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Delivery Platform Workers Win Employee Status

posted 12 months ago

The Labour Tribunal recently ruled in favor of six workers (“Couriers”) who worked for a food and parcel delivery platform company (“Company”).

The Tribunal concluded that there was an employment relationship between the Company and the Couriers although the Company argued that they were self-employed. The Company was ordered to pay six of its employees outstanding wages, payment in lieu of notice, annual leave, and legal costs.

In Hong Kong, the Employment Ordinance and other employment related laws provide protections only if the workers are “employee” but not self-employed or a contractor.

When a person works with a company in the absence of a contract specified to be an employment agreement, there may arise the issue as to whether such person is an employee.  There is no single test to distinguish an employment from a service contract, usually the court considers factors such as:

  • Whether the company has control over the process, method, venue and timing of the person performing his/her tasks?
  • Whether the workplace, tools, equipment and materials for performing the tasks are provided by the company or by the person?
  • Can the person control the charge rate of the tasks, and can he/she share the profit in performing the tasks?
  • Whether the person has to share the risks or loss, or bear responsibility, in connection with the tasks?
  • Can the person engage someone else to help perform the tasks without the company’s prior consent?
  • How the remuneration is calculated and paid?
  • Does the person carry on business on his/her own account?

In the Couriers’ case, the Labour Tribunal has considered the following circumstances in coming into the employment conclusion:

  • Through its digital platform (“Platform”), the Company determined delivery routes, work locations and orders, and remunerations of the Couriers. The Couriers must report duties on time and complete the orders within the designated time prescribed by the Company. They must log in to the Platform and cannot log out at will during work. The Company monitored the delivery routes and time of the Couriers to ensure they meet the Company’s requirements and conducted spot checks from time to time. Couriers who refused orders or disobeyed the rules were penalized and in serious cases they may be terminated by the Company.
  • The Company provided and required the Couriers to wear their uniforms when collecting and delivering packages for its customers to identify the Couriers as part of the Company.
  • The Couriers provided their own transportation tools and mobile phones. However, the Platform itself enabled customers to place orders and calculated wages payable to Couriers. The Couriers cannot contact customers or complete their delivery services without the Platform, making the Platform (rather than the Couriers’ transportation tools and mobile phones) the most crucial tool to complete the tasks.
  • The Couriers earned wages through their work and the Company controlled and monitored the way they completed the tasks as assigned to them. Also, the Company offered the Couriers short-term “guaranteed income”, unlike independent contractors who would not be paid any basic wage.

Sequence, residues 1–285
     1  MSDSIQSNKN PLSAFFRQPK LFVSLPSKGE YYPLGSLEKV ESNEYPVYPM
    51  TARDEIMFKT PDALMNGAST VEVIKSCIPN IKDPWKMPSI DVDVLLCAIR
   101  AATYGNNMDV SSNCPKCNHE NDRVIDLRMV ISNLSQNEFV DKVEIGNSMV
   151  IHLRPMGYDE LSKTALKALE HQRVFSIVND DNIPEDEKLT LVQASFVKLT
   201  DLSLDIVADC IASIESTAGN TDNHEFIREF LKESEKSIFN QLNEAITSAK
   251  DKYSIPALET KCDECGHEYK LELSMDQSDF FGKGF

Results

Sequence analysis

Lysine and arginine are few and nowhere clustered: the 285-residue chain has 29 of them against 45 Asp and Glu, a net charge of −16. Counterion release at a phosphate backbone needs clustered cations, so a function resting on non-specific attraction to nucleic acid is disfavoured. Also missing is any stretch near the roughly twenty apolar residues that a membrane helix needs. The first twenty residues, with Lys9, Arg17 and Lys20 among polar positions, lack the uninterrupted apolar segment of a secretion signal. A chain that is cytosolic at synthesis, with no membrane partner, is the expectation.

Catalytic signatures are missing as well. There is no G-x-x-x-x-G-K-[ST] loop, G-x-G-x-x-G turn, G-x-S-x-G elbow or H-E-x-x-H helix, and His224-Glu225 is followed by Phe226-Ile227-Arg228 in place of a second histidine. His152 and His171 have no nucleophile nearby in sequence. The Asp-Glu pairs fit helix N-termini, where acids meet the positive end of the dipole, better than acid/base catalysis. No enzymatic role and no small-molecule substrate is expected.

• The Couriers’ remuneration was based on the volume of jobs they complete. Thus, their daily wages varied but they assumed no financial risk since the Company’s profits or losses did not concern the Couriers.
  • The Couriers cannot establish business relationships with customers or offer discounts to customers, because the customers’ transactions with the Company only went through the Platform. Thus, they had no opportunity to be involved in or profit from managing the Company’s business activities.
  • As to the charges of their services, the Couriers cannot change the charge rates like what independent contracts usually can. They were not much different from salesmen who earn commissions on a piece-counting basis.
  • The Company did not allow the Couriers to engage substitutes or subcontracting their work.
  • The Company did not file tax returns, pay the Mandatory Provident Fund, or provide personal accident insurance for the Couriers. The Couriers had to pay their own third-party insurance and file their own tax returns to the government.
  • Unlike independent contractors, traffic fines and parking fees incurred by the Couriers were reimbursed to them by the Company.

Key Takeaway

Platform work is a fast growing and new form of job today. Until Hong Kong passes legislation to protect workers or regulate their relationship with the platform companies, the Couriers’ case offers guidance to the factors and circumstances that would be considered by the Labour Tribunal in determining the existence of an employment relationship between platform companies or entities of similar nature and their workers. Nevertheless, commercial terms and work arrangements for different cases vary and the workers may not always be regarded as employees.

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Rossana Chu, Managing Partner, LC Lawyers LLP

Jacky Chan, Associate, LC Lawyers LLP

Note: This material has been prepared for general information purposes only and is not intended to be relied upon as professional advice for any cases. Should you need further information or legal advice, please contact us.

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